On our return, the plan had been to stroll into town and visit a few pubs. Truth is however, that we were tired, pretty dirty and we stank of fish. Best not to inflict ourselves on the good people of St Helier on a Friday night. So I was home at a reasonably time with a basket of good sized Bass and Bream. Both are pretty tasty fish so, in some way, I contributed to family well being even though I wasn't around to assist with the house move. Well, that's my view of it anyway.

Meanwhile, you notice I have made a few changes to this site, largely because I want it to become less of a blog and more of a resource for anyone seeking the freedom of  the sea for small expenditure. So, as well as this diary, there will be pages added, of  resources, hints, tips wrinkles and advice and I'll try to develop some kind of logic to what goes where so that it is easy to navigate. In particular, once the boat has been found, I'll list and comment on materials, tools, and gear used, to advise on their suitability and my experience of using them.

I'd also like to post up, (AND ACKNOWLEDGE) your own tips, tricks, and ideas - so come on, if you have discovered something interesting or useful, pass it on to the rest of us via this corner of the net! No reward I'm afraid - but the satisfaction of knowing that you've made a contribution to at the simple sailors out there.

Finally, John Almberg ( the unlikely boatbuilder) commented recently that he thought my list of shallow draft, bilge keel, gunter rigged GRP boat may actually contain no examples. Well, John, much to my surprise, (and yours I guess), I have found one boat at least that fits the bill. More about that later!


Thursday, 17 May 2012

Gelcoat Cracks In GRP Boats

It seems as if the more I look into this, the more convinced I am that I’ll end up with a GRP boat – even though I am also convinced that the prettiest and most diverse range of boats available are probably wood. I also feel that a compromise on my notion of the ideal cruising boat will be required. As John Almberg (The Unlikely boatbuilder blog) commented here recently – a list of shallow draft, bilged keeled GRP boats with gunter rigs may actually have no entries on it! Still, ever optimistic I’ve been reading more about GRP and the issues I am likely to encounter with an old second (or third) hand one. 

Compared with metal, GRP is a relatively brittle material. Whereas steel, might bend or dent under an impact, GRP is most likely to crack.

In themselves cracks in a GRP gelcoat are relatively easy to repair. If it is a simple matter of damage caused by a collision with the pontoon, grinding out and refilling is probably all that is required. But cracks can appear for several reasons and unless you know what caused them, you may be only dealing with the symptoms – not the cause.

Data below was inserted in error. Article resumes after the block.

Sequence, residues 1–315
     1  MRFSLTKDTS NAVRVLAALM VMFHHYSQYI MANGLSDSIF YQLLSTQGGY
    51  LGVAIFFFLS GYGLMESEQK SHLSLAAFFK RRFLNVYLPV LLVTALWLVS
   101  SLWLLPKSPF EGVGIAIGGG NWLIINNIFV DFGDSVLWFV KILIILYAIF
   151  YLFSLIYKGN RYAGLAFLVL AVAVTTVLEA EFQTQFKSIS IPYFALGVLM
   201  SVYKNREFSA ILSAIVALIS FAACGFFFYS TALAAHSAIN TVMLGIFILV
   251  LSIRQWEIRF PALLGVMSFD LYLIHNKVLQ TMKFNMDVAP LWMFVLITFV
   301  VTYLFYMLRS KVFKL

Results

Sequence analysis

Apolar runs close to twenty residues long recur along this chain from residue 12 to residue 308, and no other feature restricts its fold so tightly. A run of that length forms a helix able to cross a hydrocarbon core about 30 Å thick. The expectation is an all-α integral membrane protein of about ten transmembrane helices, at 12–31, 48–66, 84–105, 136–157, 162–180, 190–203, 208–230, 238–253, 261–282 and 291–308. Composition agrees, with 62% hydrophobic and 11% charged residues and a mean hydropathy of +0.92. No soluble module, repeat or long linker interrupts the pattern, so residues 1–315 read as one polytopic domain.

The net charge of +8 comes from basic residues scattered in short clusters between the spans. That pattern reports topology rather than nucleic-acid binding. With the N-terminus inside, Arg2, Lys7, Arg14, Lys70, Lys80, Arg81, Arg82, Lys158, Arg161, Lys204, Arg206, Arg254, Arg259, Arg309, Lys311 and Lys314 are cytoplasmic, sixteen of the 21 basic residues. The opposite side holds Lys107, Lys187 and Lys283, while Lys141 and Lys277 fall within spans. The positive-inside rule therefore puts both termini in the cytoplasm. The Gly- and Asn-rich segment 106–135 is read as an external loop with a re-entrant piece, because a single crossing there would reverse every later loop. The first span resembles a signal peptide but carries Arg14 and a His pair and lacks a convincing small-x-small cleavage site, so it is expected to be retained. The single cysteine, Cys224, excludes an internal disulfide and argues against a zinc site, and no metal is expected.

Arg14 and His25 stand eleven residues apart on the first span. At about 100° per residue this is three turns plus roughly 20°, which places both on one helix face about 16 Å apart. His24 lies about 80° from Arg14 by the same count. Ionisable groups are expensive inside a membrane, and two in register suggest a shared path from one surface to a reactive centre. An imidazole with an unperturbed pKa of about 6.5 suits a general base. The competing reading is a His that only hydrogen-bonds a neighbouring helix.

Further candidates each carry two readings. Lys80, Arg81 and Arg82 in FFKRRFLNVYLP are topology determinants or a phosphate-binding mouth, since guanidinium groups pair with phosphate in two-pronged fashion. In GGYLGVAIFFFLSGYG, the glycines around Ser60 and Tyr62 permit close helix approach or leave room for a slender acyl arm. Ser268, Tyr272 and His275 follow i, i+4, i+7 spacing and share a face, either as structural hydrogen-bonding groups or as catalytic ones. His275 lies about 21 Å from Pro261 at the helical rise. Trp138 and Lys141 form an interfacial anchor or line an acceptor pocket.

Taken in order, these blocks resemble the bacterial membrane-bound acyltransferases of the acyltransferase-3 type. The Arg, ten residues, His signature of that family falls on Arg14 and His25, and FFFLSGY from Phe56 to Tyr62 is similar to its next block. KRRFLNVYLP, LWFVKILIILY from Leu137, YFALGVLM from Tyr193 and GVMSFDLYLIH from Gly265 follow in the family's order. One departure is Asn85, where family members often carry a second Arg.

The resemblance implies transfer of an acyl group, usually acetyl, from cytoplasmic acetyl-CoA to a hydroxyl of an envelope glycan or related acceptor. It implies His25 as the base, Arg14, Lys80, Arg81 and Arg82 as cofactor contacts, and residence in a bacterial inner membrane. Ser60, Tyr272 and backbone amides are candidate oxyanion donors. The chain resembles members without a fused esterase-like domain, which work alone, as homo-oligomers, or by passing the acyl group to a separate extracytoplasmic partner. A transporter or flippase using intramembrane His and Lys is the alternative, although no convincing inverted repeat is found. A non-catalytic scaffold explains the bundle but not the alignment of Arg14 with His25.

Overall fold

Cracks often occur due to stress in the material, and boats can be exposed to many stresses. 'Panting', is a term used to describe the movement in a hull when it moves in and out like bellows. The cause is usually changes in the water pressure on the hull as a boat is moving through water in sever weather. At times, she’ll be low in the water as a wave rolls past, and then moments later a large portion of her hull may be out of the water as she breaks through the top of a wave. Pounding, can create huge local stresses on the bottom of a hull as it leaps out of the water and slaps down hard. Boats also suffer from twisting forces as they take waves on the quarter, and sailing boats can be subject to great stress where the mast meets the hull or on decks where shrouds take enormous strain.

It would not be cost effective or practical to construct a GRP craft with a hull thick enough over its entire length and breadth to resist every force applied to it. Generally therefore, a designer will draw plans for a boat with a hull skin strong enough to cope with the external pressure of water expected and then add strengtheners to cope with all the additional pressures that will occur in a seaway. Strengtheners are both longitudinal and transverse and designers have applied a great deal of ingenuity in building them in to the structure, in some cases as cabin furniture and bulkheads. The purpose is to break up the hull skin into panels so that the load on any particular part of the hull is ‘transferred’ into the stiffeners and then diffused and shared by the rest of the hull structure. If the panel is too small it will make the hull stiff and brittle in that area. If it is too large the panel may be too flexible, in which case, cracking may occur.